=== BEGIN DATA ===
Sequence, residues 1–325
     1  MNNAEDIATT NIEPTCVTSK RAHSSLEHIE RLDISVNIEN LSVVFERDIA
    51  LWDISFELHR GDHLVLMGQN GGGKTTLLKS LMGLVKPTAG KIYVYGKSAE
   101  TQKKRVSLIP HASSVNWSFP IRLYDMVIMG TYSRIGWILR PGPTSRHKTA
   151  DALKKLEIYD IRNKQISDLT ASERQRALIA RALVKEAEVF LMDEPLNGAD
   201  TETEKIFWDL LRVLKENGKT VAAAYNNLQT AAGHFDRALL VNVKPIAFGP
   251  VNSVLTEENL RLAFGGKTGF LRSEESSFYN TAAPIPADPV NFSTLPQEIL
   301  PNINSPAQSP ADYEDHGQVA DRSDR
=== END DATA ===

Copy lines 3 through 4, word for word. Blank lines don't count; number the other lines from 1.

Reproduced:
    51  LWDISFELHR GDHLVLMGQN GGGKTTLLKS LMGLVKPTAG KIYVYGKSAE
   101  TQKKRVSLIP HASSVNWSFP IRLYDMVIMG TYSRIGWILR PGPTSRHKTA